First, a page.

I was once asked to produce a handout of signals so that people could understand exactly what was going on when a referee makes a decision. With our resident referee George Clancy in camp for the next fifty days or so I stumbled across this on a tweet by Nigel Owens earlier this evening and thought I should share it.
Well wales online have managed to do what I didn’t, churning out a set of explanations from referee Nigel Owens:
Here they are and you can save a link to this page to study if you are the geeky type or you can save the link on your phone for a quick peek whenever you get stuck or just want to show off your vast knowledge of the game to lesser mortals standing alongside you against the railing
The signals in full
HOLDING ONTO THE BALL
When you’re tackled, and go to ground, you must do three or four things with the ball. You can either release it immediately, you can place it in any direction, or you can pass it off the floor, or roll it back. But if you hold on which slows play down, that’s a penalty.
OFF YOUR FEET
In rugby the game is played on your feet. If you go off your feet deliberately, in the contact area for example, then it’s a penalty.
If a referee suspects a player has become concussed, and would like him to get checked, then he calls the medic with a head check signal.
NECK ROLL/NECK GRAB
This is something quite new that has been creeping into the game. It’s dangerous play where players grab an opponent by the neck in a maul or contact area to take them out, or grab them round the neck to twist them out of the contact area. This should not be happening because it’s very dangerous play.
So that’s classed as a high tackle, dangerous. That is to be penalised and clamped down upon.
This neck roll/neck grab has pretty much replaced what used to be known as the spear tackle.
This is awarded for an infringement which is deemed to be not as deliberate as a penalty offence.
That would be, for example, if a scrum-half feeds the ball not straight at the scrum… although a lot of people would say that’s deliberate.
The hooker having his foot up before the ball comes into the scrum is another free kick.
BALL NOT STRAIGHT IN LINEOUT
The ball must be thrown down the middle, which we call straight. If it’s thrown down to one side more than the other, which makes it an unfair contest, then it’s not straight. Scrum or lineout to the opposition, their captain’s call.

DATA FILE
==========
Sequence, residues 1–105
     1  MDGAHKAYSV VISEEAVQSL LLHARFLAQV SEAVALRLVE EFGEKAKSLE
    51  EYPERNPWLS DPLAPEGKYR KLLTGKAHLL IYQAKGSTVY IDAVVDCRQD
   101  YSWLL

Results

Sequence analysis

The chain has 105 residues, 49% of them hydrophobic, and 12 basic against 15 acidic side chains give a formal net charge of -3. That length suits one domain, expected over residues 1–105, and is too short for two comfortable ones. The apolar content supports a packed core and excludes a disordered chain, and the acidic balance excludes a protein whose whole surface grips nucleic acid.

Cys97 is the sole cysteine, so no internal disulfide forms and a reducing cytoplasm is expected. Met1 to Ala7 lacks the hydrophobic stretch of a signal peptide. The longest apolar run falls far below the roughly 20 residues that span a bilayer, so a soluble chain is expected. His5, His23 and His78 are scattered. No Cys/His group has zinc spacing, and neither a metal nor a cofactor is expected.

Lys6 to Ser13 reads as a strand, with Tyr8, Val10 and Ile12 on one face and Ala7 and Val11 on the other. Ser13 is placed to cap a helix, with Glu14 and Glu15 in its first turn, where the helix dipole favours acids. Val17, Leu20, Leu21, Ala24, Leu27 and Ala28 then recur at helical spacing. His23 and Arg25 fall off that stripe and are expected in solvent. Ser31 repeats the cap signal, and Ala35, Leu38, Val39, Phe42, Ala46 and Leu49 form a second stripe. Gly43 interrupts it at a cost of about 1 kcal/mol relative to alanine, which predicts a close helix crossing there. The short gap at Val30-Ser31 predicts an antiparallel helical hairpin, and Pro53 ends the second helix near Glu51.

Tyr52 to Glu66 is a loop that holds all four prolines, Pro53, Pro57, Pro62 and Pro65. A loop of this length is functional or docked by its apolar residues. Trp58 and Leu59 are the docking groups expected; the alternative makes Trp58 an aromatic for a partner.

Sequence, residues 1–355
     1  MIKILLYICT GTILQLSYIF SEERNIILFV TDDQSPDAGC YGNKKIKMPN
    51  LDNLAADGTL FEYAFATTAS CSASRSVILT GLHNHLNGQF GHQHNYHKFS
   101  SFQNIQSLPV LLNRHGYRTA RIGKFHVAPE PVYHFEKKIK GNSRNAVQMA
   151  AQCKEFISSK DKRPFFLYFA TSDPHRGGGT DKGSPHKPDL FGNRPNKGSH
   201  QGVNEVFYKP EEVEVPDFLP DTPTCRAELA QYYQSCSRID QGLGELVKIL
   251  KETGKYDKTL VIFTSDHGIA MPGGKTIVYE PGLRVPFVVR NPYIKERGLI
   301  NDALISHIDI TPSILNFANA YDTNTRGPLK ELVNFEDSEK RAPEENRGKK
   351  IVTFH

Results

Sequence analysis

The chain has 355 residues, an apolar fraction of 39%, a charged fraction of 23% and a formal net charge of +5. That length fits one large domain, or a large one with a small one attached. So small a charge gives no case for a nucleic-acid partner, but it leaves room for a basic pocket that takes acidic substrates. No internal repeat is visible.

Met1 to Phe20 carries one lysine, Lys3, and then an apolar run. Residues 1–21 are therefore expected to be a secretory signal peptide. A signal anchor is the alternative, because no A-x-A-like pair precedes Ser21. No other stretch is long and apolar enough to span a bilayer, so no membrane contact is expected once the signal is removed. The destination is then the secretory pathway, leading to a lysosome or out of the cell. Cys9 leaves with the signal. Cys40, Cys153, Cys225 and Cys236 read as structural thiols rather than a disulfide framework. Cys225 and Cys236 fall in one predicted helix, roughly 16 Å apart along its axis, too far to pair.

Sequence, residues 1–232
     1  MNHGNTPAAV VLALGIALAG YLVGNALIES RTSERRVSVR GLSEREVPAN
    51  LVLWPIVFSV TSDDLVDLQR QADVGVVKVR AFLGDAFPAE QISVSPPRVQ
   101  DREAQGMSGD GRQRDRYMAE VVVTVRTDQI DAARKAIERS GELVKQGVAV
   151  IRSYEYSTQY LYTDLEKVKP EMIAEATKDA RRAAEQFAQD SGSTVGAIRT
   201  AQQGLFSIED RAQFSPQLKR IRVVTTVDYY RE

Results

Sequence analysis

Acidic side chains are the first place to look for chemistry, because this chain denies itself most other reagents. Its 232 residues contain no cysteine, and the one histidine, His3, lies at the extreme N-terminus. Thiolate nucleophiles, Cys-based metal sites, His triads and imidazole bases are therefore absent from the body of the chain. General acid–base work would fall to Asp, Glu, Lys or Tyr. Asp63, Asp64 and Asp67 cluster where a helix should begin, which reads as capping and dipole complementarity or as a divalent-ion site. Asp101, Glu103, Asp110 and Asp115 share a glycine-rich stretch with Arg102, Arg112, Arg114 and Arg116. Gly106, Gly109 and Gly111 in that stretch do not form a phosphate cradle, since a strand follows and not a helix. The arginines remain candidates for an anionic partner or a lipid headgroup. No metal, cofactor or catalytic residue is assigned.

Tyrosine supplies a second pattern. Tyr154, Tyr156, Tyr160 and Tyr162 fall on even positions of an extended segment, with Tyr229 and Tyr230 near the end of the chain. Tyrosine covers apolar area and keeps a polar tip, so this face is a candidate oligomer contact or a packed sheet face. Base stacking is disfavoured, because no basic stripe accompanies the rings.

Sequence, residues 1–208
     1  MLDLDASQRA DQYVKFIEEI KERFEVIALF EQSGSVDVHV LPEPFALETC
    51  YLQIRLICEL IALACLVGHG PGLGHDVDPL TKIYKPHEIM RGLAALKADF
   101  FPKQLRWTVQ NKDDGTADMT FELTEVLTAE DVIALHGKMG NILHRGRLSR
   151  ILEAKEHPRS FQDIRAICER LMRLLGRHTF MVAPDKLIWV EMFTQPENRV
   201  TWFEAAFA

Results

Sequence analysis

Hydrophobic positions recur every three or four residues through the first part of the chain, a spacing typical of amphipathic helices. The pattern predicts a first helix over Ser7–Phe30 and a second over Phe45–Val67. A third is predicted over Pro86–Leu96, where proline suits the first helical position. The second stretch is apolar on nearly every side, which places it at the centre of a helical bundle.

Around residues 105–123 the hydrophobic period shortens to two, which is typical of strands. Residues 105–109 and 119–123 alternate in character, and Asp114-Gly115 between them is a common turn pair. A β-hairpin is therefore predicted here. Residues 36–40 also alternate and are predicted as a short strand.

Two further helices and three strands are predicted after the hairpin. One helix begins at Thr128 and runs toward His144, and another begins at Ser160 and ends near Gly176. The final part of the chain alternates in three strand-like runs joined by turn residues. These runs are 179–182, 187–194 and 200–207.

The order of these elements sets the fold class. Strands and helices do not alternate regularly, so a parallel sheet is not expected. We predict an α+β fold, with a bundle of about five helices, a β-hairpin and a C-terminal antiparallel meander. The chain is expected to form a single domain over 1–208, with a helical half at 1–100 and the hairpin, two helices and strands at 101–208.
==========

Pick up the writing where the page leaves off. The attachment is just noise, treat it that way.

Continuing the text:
A penalty is awarded for a deliberate infringement, ie something other than a knock-on, forward pass or an accidental offside.
HANDS IN RUCK
Players must be on their feet in the ruck. They can only use their feet to ruck the ball back, so any player who uses his hands after the ruck is formed will be penalised.
There are different offside lines in the game. You have an offside at the ruck and maul, which is the hind-most foot and that line goes right across the width of the field.
At lineouts, the offside line for players not in the lineout is 10m back, and from scrums it’s five metres back from the feet of the number eight. If anybody encroaches those offisde lines, then they get penalised.
TACKLER NOT ROLLING AWAY
Once you are tackled, the ball carrier must place the ball and make an attempt to roll away. The tackler must release the ball carrier and then roll away from that area if possible, too.
PULLING DOWN THE SCRUM
The front row must bind straight and drive square. They must not drive lower than the hips, or push the scrum up. If you pull the scrum down, you get penalised.
TELEVISION MATCH OFFICIAL
When we go to the TMO, which is quite often these days, it’ll be a TV signal. And as TVs are square at the moment, the signal is square.
ASSIST TACKLER NOT RELEASING
These days, you often see two people tackle the ball carrier. Once the ball carrier has gone to ground, the player who remains on his feet and is still in contact with him must release him before regathering the ball. if he doesn’t, then we call that assist tackler not releasing and that’s a penalty offence.
You must make an attempt to tackle the opponent below the line of the shoulder and neck. If you don’t, it’s a high tackle.
GOING IN FROM THE SIDE
When you enter a tackle at a ruck or maul, you must enter form behind the hind-most foot of your own players in that phase of play. If you enter in front, that’s regarded as side entry and will be penalised.